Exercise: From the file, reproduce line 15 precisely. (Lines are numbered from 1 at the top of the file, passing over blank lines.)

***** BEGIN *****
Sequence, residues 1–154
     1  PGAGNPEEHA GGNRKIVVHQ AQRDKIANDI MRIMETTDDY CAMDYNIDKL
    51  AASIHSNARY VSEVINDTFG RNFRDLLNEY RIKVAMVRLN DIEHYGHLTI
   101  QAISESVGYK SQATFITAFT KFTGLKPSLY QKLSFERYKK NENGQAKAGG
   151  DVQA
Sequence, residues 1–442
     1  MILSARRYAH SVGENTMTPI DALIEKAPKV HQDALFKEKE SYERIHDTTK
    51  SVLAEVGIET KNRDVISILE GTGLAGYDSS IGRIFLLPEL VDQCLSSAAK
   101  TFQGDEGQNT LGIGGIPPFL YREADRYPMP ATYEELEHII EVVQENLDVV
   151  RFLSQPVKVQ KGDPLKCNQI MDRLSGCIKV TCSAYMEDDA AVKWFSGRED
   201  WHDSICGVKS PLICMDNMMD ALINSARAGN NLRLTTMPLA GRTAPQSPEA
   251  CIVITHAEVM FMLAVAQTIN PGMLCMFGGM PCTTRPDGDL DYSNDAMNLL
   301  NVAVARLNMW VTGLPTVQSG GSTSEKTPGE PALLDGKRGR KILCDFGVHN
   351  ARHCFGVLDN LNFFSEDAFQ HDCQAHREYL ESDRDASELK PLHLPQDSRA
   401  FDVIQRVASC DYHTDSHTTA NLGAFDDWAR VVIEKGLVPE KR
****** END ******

   401  FDVIQRVASC DYHTDSHTTA NLGAFDDWAR VVIEKGLVPE KR